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Hunt, Philip Charles Holmes (1874–1941)

by Merle Richmond

This article was published in Australian Dictionary of Biography, Volume 9, (MUP), 1983

Philip Charles Holmes Hunt (1874-1941), gas engineer and company director, was born on 19 July 1874 at Aston, Warwickshire, England, eldest son of Charles Hunt, gas engineer, and his wife Lucy Ann Miller, née Holmes. Hunt attended Malvern College and studied engineering and chemistry at Mason University College (Birmingham University). An associate of the Institute of Chemistry in 1896 and a fellow in 1920, he was among the first members of the Institution of Gas Engineers, London (founded 1902), and a member of the Institution of Civil Engineers from 1911.

Hunt started work as assistant to his father, then engineer at Birmingham Gas Works, and became superintendent of the Adderley Street Gas Works in 1899. In 1902 he was appointed assistant engineer to the Metropolitan Gas Co., Melbourne, and arrived in Victoria on 24 March 1903; he was promoted acting engineer in 1906 and engineer in 1907. Hunt gave excellent service to the company: he introduced slot meters, making gas available to Melbourne's working class, and after visiting Europe in 1910 to investigate new carbonising plant he recommended and supervised impressive construction and developmental projects, including in 1912 Australia's first vertical retort installation. His roles as principal witness before the Gas Enquiry Board (1912) and as advocate for the company in the Commonwealth Court of Conciliation and Arbitration were praised by the company chairman (Sir) John Grice when in 1914 Hunt resigned to go into business as a consulting engineer and to devote more time to his new appointments as chairman of the local board of the Colonial Gas Association Ltd and as a director of Mount Lyell Mining and Railway Co. Ltd. Highly esteemed by (Sir) John Monash, he also received many letters of appreciation from company employees. (He replied to one, from union delegates at the Fitzroy works, with the keenest satisfaction that his efforts to 'weigh the scales evenly' had earned him their regard.) Hunt became a director of the Metropolitan Gas Co. in 1922 and was deputy chairman at the time of his death.

In 1922 Hunt was also appointed managing director of the local board of the Colonial Gas Association. As plans for expansion were hindered by English Treasury restrictions on raising capital and by taxation on dividends paid to shareholders in Australia, Hunt convinced British shareholders that great advantage lay in transferring head office to Melbourne. The transfer was effected from 1 January 1924, and with Hunt as chairman and managing director C.G.A. developed from a minor gas company to fifth largest in Australia, in terms of gas output, with numerous subsidiaries exploiting by-products from gasworks.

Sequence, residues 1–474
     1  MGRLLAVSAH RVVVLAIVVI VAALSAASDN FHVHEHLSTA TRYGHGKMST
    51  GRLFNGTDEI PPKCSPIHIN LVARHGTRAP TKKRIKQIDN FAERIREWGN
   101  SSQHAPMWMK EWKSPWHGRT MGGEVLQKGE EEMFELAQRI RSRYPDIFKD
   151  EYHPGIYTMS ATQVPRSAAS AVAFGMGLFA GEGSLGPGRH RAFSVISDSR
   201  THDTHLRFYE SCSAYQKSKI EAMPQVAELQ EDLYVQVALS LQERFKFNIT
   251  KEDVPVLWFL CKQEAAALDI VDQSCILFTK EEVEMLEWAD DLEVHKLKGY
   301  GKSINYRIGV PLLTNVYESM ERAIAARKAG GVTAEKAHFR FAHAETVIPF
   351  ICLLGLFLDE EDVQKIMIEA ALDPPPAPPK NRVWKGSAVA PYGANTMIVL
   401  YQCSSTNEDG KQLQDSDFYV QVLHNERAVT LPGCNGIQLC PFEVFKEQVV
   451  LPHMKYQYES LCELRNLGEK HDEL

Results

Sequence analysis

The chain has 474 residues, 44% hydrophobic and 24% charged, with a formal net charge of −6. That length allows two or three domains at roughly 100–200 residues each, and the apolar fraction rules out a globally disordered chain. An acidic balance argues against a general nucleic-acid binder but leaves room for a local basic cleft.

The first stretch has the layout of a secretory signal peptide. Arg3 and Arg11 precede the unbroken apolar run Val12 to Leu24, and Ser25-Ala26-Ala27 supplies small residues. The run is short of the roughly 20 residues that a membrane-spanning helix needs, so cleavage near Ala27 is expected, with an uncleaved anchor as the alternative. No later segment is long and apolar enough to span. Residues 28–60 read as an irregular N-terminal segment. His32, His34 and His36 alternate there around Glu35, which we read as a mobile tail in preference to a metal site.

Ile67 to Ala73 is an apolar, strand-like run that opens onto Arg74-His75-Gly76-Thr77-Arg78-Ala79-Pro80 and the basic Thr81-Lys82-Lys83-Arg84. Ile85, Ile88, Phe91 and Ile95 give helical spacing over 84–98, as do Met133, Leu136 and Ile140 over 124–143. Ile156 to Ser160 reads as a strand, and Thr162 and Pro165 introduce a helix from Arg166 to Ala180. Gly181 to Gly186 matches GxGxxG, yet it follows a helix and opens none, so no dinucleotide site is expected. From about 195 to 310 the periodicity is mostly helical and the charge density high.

The acknowledged leader of the gas industry in Australia, Hunt acted as consultant to the Australian Gas Light Co., Sydney, the South Australian Gas Co., the Hobart Gas Co. and the Newcastle Gas and Coke Co. He was founder and first president of the Australian Gas Institute and chairman of the Gas Companies Association (later the National Gas Association, of which he was president). John Duggan, later manager of the C.G.A., described 'P.C.' as 'extremely farsighted … an amazingly energetic and well-preserved man … To the outsider he sometimes seemed austere and pompous; to employees he was kindly, considerate and loyal, and greatly respected and admired'.

In addition to his gas industry commitments, Hunt at the time of his death was chairman of the board of Johns and Waygood Ltd and of Mount Lyell and a director of a dozen companies. He was a keen movie photographer, tennis enthusiast and devoted family man. He collapsed and died when visiting the Commonwealth Bank Building, Sydney, on 6 May 1941 in connexion with his wartime appointment as Commonwealth director of substitute fuels. Survived by his wife Frances Annie, née Lugg whom he had married at Christ Church, South Yarra, on 16 April 1907, and by his two daughters, he was buried in Brighton cemetery. His estate was valued for probate at £44,264.

Select Bibliography

  • The Metropolitan Gas Company Jubilee Book (Melb, 1928)
  • Fifty Years of Good Public Service (Melb, 1938)
  • G. Blainey, One Hundred Years: Johns and Waygood Ltd, 1856-1956 (Melb, 1956), and The Peaks of Lyell (Melb, 1967)
  • National Gas Bulletin, 5 (Aug 1940), no 1, (May 1941), no 10
  • Colonial Gas Association, Service Messenger, 66, June 1941, p 2
  • Hunt papers (University of Melbourne Archives).

Citation details

Merle Richmond, 'Hunt, Philip Charles Holmes (1874–1941)', Australian Dictionary of Biography, National Centre of Biography, Australian National University, http://adb.anu.edu.au/biography/hunt-philip-charles-holmes-6769/text11705, published first in hardcopy 1983, accessed online 12 December 2018.

This article was first published in hardcopy in Australian Dictionary of Biography, Volume 9, (MUP), 1983

View the front pages for Volume 9

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